SP 2013: Getting started with the new Geolocation field in SharePoint 2013

Tobias Zimmergren
Tobias Zimmergren

SharePoint 2013 comes with tons of enhancements and modifications to previous versions of the product. One of the cool features I’ve played around with lately is the Geolocation field. Back in 2010 I wrote a custom-coded solution for displaying location information in our SharePoint lists, integrating some fancy-pants Google Maps – in SharePoint 2013, a similar field exist out of the box.

In this article I’ll mention what this field does, a sample of creating and using the field, getting and setting the Bing Maps keys to make sure our maps are properly working and displaying.

Update 2013-09-14: As pointed out by Leon Zandman in the comments, there’s a some updated pre-requisites required in order to view the geolocation field value or data in a list. Information from Microsoft:

An MSI package named SQLSysClrTypes.msi must be installed on every SharePoint front-end web server to view the geolocation field value or data in a list. This package installs components that implement the new geometry, geography, and hierarchy ID types in SQL Server 2008. By default, this file is installed for SharePoint Online. However, it is not for an on-premises deployment of SharePoint Server 2013. You must be a member of the Farm Administrators group to perform this operation. To download SQLSysClrTypes.msi, see Microsoft SQL Server 2008 R2 SP1 Feature Pack for SQL Server 2008, or Microsoft SQL Server 2012 Feature Packfor SQL Server 2012 in the Microsoft Download Center.

Introduction to the Geolocation Field

I’ll showcase what the Geolocation field can do for us in a SharePoint list. In the sample below I’ve used a list called “Scandinavian Microsoft Offices” which contains a few office names (Sweden, Denmark, Finland and Norway). What I want to do in my list is to display the location visually to my users, not only the name and address of the location. With the new Geolocation field you can display an actual map, as I’ll show you through right now – skip down to the “Adding a Geolocation Field to your list” section if you want to know how to get the same results yourself.

A plain SharePoint list before I’ve added my Geolocation field


As you can see, no modifications or extra awesomeness exist in this list view – it’s a vanilla SharePoint 2013 list view.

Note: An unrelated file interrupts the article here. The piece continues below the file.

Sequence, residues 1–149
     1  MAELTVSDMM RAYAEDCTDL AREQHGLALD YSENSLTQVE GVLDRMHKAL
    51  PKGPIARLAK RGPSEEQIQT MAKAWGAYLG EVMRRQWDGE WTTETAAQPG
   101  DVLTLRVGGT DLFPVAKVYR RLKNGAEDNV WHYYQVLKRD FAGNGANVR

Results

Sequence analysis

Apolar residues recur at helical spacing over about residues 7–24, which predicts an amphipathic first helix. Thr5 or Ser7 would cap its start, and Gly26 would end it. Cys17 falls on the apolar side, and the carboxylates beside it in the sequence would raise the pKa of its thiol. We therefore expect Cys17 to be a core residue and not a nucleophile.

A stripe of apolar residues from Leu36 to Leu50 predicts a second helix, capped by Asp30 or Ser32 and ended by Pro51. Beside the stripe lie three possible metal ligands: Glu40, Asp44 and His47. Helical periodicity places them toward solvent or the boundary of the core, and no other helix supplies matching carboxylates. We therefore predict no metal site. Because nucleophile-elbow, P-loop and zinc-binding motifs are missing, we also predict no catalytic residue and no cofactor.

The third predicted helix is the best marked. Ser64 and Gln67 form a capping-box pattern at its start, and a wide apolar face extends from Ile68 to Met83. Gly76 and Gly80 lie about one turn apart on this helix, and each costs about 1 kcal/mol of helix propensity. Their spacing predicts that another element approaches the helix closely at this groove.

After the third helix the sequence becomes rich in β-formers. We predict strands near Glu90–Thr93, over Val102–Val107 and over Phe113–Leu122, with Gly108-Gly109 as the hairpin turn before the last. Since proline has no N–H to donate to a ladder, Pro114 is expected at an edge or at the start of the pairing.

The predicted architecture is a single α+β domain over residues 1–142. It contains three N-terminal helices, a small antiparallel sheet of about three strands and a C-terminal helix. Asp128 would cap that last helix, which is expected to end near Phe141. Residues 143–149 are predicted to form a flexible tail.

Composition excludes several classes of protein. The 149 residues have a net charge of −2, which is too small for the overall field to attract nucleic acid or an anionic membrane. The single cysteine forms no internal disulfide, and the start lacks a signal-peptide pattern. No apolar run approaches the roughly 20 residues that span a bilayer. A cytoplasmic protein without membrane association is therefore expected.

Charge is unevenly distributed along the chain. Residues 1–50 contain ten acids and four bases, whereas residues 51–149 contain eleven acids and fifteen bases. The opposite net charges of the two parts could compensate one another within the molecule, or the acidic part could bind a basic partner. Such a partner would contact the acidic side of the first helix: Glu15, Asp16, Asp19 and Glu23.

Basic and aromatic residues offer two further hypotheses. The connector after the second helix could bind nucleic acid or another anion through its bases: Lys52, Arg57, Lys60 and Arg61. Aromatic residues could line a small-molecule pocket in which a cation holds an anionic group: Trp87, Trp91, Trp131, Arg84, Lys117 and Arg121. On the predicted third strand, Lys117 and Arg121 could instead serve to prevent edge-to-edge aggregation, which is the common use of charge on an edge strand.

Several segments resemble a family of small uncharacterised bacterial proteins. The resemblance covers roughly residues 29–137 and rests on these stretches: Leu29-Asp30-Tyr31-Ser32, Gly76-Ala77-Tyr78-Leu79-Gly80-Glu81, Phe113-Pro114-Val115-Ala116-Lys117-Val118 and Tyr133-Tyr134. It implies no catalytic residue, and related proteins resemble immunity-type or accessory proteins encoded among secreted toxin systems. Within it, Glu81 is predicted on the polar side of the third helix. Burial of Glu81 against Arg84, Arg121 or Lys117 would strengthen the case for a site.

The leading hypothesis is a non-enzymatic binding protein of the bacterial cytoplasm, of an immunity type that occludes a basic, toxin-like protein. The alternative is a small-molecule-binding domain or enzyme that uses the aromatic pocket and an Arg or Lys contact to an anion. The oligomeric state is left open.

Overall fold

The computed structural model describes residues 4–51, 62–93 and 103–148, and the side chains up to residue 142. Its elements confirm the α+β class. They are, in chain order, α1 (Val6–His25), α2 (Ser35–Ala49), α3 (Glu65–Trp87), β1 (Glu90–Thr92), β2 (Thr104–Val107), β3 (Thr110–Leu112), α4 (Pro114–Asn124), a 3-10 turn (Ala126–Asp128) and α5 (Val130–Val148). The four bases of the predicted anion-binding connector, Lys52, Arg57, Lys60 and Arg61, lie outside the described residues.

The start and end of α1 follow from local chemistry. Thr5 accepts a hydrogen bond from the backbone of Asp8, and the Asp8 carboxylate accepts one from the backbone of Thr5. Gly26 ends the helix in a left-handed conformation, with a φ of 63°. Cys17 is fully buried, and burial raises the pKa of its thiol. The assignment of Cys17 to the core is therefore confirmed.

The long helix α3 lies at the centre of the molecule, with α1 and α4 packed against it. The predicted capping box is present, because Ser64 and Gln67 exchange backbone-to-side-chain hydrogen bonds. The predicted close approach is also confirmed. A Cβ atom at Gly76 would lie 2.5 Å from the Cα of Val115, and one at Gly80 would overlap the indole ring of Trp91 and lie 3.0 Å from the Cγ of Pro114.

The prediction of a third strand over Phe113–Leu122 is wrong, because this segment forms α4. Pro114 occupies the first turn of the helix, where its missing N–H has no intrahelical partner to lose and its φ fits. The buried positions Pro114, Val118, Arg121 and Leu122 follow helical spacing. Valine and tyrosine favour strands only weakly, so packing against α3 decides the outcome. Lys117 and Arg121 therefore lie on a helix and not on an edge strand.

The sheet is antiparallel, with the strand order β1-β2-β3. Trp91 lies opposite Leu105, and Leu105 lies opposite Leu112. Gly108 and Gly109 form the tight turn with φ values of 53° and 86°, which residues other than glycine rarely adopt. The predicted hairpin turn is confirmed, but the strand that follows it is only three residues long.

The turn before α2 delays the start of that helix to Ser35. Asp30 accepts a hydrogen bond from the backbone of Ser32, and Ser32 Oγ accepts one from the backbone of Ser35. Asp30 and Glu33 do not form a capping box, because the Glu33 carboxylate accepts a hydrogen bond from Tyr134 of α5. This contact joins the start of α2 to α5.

The same list, with the Geolocation field added to it

When we’ve added the Geolocation field to support our Bing Maps, you can see that a new column is displayed in the list view and you can interact with it. In my sample here I’ve filled in the coordinates for the four Microsoft offices I’ve listed in my list.


Pressing the small globe icon will bring up a nice hover card kind of dialog with the actual map, with options to view the entire map on Bing Maps as well (which is essentially just a link that’ll take you onwards to the actual bing map):


Viewing an actual list item looks like this, with the map fully integrated by default into the display form:


And should you want to Add or Edit a list item with the Geolocation field, you can click either “Specify location” or “Use my location“. If you browser supports the usage and tracking of your location, you can use the latter alternative to have SharePoint automagically fill in your coordinates for you. Compare it with how you check in at Facebook and it recognizes your current location and can put a pin on the map for you.


In my current setup I don’t have support for “Use my location” so I’ll have to go with the “Specify location” option – giving me this pretty dull dialog:


As you can see, you don’t have an option for searching for your office on Bing Maps and then selecting the search result and have it automatically insert the correct Lat/Long coordinates. But, that’s where developers come in handy.

Create a new Map View

Let’s not forget about this awesome feature – you can create a new View in your list now, called a “Map View”, which will give you a pretty nice map layout of your tagged locations with pins on the map. Check these steps out:

1) Head on up to “List” -> “Create View” in your List Ribbon Menu:


2) Select the new “Map View”


3) Enter a name, choose your fields and hit “Ok”


4) Enjoy your newly created out of the box view in SharePoint. AWESOME


Adding a Geolocation Field to your list

Right, let’s move on to the fun part of actually adding the field to our list. I’m not sure if it’s possible to add the field through the UI in SharePoint but you can definitely add it using code and scripts, which is my preferred way to add stuff anyway.

Adding a Geolocation field using PowerShell

With the following PowerShell snippet you can easily add a new Geolocation field to your list:

Add-PSSnapin Microsoft.SharePoint.PowerShell 
$web = Get-SPWeb "http://tozit-sp:2015" 
$list = $web.Lists["Scandinavian Microsoft Offices"] 
$list.Fields.AddFieldAsXml( "", $true, [Microsoft.SharePoint.SPAddFieldOptions]::AddFieldToDefaultView)

Adding a Geolocation field using the .NET Client Object Model

With the following code snippet for the CSOM you can add a new Geolocation field to your list.

// Hardcoded sample, you may want to use a different approach if you're planning to use this code :-) 
var webUrl = "http://tozit-sp:2015"; 
ClientContext ctx = new ClientContext(webUrl); 
List officeLocationList = ctx.Web.Lists.GetByTitle("Scandinavian Microsoft Offices");